If we do, we will learn to control our speech—to “bridle” our tongue, steering and controlling it just like a bridle on a horse. We will also serve the vulnerable. In James’ time (and often still today) that included widows and orphans. The Old Testament is filled with passages about how God’s people were to serve the vulnerable. They were to demonstrate the generosity and goodness of God to the world, and this meant they were generous and good to others. God’s people were to serve the vulnerable, because God did the same for us. God’s people were to work for justice, because God is just.
Deuteronomy 10:18-19 says, “He executes justice for the fatherless and the widow, and loves the sojourner, giving him food and clothing. Love the sojourner, therefore, for you we’re sojourner in the land of Egypt.” In the book of Isaiah, God rebukes his people for their “vain offerings” and empty worship. He calls them instead to, “Wash yourselves; make yourself clean; remove the evil of your deeds from before my eyes; cease to do evil, learn to do good; seek justice, correct oppression; bring justice to the fatherless, plead the widow’s cause” (Isaiah 1:16-17). God didn’t want them to just do the religious stuff. He wanted to use them to change the world to be the way he intended. They were supposed to live in a way that pointed to who he is. (This video from The Bible Project is helpful for understanding our call to advocate for others and pursue justice.)
From the Old Testament until now, one of the hallmarks of God’s people is that they actively pursue justice and dismantle oppression—which doesn’t just mean on an individual level. God is remaking the world, and as the people of God, we get to be a part of that process. That means we work to bring about his kingdom on earth as it is in heaven. We work to ease the burden of our neighbor, and we work to dismantle the systems that put that burden on their backs in the first place.
Church, let us be people who are known for loving our neighbor. Because who, after all, is my neighbor? According to Jesus, even those who look, believe, act, worship, or think differently than me are my neighbor (Luke 10:25-37).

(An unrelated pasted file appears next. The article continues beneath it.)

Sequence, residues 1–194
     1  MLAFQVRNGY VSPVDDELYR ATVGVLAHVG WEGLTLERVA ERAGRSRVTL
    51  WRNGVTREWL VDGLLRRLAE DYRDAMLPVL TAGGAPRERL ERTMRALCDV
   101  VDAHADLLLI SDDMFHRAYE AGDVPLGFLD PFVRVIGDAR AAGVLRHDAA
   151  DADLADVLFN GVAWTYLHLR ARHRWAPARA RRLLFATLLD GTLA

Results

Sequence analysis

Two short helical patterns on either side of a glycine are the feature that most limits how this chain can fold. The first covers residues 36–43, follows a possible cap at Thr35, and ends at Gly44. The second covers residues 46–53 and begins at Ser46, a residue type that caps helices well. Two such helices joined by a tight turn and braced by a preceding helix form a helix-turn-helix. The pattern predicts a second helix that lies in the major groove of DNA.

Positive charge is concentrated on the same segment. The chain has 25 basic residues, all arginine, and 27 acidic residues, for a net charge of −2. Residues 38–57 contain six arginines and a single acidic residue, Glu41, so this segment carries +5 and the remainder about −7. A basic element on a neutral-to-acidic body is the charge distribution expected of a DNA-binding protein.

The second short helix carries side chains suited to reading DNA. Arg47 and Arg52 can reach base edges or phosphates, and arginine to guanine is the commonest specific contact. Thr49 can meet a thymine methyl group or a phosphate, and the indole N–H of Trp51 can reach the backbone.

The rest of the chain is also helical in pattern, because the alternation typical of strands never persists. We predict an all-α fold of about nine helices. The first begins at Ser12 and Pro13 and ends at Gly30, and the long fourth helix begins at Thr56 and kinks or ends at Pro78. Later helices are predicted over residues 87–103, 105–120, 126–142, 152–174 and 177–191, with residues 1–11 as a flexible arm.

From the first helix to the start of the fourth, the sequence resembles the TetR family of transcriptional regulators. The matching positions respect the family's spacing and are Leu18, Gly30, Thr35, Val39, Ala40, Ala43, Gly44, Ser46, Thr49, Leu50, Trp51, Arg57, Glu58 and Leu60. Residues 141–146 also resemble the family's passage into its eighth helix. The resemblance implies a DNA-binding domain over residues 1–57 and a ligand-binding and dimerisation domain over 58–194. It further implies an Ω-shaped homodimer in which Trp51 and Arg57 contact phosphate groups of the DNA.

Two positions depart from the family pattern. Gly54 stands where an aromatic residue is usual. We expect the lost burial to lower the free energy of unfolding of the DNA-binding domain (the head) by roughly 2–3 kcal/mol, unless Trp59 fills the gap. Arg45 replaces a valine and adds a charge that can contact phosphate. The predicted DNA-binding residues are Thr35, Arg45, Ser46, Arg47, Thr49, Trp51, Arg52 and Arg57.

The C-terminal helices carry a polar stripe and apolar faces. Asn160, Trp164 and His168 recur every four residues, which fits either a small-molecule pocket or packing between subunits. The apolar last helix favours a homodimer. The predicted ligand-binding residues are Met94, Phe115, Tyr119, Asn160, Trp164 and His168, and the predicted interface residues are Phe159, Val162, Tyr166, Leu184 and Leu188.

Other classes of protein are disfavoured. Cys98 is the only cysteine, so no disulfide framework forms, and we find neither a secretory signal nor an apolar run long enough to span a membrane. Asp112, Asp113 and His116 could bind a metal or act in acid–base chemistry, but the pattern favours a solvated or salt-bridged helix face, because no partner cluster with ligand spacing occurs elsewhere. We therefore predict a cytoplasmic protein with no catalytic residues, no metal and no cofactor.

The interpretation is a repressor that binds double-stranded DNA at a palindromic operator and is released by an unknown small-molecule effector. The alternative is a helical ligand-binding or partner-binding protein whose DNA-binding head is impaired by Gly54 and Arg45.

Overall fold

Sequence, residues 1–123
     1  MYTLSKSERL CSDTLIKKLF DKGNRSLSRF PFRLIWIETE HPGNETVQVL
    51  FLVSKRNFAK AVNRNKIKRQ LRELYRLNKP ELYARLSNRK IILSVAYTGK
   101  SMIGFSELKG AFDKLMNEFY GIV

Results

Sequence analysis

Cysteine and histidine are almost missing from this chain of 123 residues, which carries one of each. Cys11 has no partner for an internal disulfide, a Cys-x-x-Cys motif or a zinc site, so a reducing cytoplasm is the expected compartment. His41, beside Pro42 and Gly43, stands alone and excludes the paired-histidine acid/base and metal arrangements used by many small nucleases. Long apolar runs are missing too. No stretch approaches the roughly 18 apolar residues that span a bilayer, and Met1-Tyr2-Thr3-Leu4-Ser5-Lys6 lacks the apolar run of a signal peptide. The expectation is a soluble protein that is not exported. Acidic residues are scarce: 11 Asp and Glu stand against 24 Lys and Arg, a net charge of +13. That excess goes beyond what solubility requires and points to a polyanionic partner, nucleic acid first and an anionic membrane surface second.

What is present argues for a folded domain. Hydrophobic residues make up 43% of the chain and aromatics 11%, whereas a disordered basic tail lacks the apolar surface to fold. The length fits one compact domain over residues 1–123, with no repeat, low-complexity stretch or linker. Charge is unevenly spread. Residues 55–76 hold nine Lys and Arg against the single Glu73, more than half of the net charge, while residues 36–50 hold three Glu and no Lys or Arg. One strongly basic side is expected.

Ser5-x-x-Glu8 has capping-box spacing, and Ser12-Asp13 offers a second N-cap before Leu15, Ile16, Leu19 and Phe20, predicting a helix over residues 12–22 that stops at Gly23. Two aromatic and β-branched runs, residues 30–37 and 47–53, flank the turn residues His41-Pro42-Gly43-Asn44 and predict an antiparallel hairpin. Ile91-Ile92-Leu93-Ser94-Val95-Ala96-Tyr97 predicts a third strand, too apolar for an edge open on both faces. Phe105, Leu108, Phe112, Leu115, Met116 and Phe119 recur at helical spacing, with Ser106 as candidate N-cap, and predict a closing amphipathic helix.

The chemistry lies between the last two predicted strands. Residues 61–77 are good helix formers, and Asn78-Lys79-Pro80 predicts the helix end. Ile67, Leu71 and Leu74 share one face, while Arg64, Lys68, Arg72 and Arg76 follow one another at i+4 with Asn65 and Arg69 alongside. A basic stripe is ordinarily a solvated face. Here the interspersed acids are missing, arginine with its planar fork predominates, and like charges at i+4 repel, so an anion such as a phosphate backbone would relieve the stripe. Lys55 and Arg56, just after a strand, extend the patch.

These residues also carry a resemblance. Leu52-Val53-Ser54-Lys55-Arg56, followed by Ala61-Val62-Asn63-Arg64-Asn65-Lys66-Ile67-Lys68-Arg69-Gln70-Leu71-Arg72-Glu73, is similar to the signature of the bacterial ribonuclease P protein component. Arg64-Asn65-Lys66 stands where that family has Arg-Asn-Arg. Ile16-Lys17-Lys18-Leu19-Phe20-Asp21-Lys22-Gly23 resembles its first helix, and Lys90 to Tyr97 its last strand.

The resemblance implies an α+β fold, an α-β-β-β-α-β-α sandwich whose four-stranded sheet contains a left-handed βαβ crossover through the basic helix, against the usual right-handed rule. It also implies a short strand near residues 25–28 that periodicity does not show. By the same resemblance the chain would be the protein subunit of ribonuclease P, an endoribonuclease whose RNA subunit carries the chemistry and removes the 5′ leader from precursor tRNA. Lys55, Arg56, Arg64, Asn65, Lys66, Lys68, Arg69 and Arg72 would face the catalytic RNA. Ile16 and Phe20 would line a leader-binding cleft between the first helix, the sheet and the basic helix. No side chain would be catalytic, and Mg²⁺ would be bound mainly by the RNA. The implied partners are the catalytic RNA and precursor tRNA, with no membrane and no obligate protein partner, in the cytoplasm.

“How could we offer those being abused anything less than the end of their suffering when we have the power to grant it? James does not say, ‘Tell the orphans and the widows to put up with their suffering.’ He says to the Christian, ‘Help them!’”
— ESAU MCAULLEY
New Testament scholar, Esau McCaulley, wrote this. “How could we offer those being abused anything less than the end of their suffering when we have the power to grant it? James does not say, ‘Tell the orphans and the widows to put up with their suffering.’ He says to the Christian, ‘Help them!’”
Let us be people who are known for being just as God is just, for being merciful as God is merciful, for being good as God is good. Let us be people who feed the poor and change the social structures that forced poverty upon them. Let’s work to eradicate racist systems that threaten the lives and livelihoods of Black and brown men and women. There’s no racism in God’s kingdom, so as the Church we get to be people God uses to make that a reality on earth as it is in heaven. There’s no hunger in God’s kingdom, so we must feed the hungry. There’s no abuse in God’s kingdom, so we must advocate for the abused.
You get my point.
As we do all of that, as we live out our faith in our actual lives, we are to remain “unstained from the world.” As Christians, we operate differently than the rest of the world. We abide by a different standard–the law of liberty. But our role is to be people who live out who God is and what his kingdom is like. That is a high calling–one that’s an honor to live out and one that will be worth whatever it costs us now.
Holy Spirit, help us today as we do that work.
- How is your speech–both in person and in the digital world? Is it used to love God and love others? What do you need to work on most in this area? (For example, the way you talk to your kids or spouse (one of my major struggles), your online interactions, your ability to listen, etc.)
- We’re to put away “wickedness” and live differently. What does this look like for you this week? What does it look like for you to live a life “unstained” from the world? (P.S. This doesn’t mean we walk around with a “holier than thou” attitude. We’re supposed to remain meek and humble as we live according to God’s way instead of the world’s.)
- In verse 27, James is clear about the two traits that characterize pure religion: helping the vulnerable and not giving into the ways of the world. What does doing those things look like for you in this season? Sometimes our initial thought can be, “Well, I don’t have the resource to help,” or “I don’t know how to help.” Ask God for wisdom to know how you can be a doer of the word in these areas. Take time to meditate, pray, and think creatively.
- Make sure to check out the video below from The Bible Project. It helps us understand the biblical call to put our faith into action by pursuing justice and righteousness.
“Justice” is a felt need in our world today and a controversial topic. But what is justice, exactly, and who gets to define it? In this video, we’ll explore …
 Longman, Tremper, David E. Garland, et al. Hebrews—Revelation. Grand Rapids, MI: Zondervan, 2006, p 225.
 Wright, N. T. The Early Christian Letters for Everyone. Louisville, KY: Westminster John Knox Press, 2011, p 12.
 McCaulley, Esau. Reading While Black: African American Biblical Interpretation as an Exercise in Hope. Downers Grove, IL: InterVarsity Press, 2020, p 133.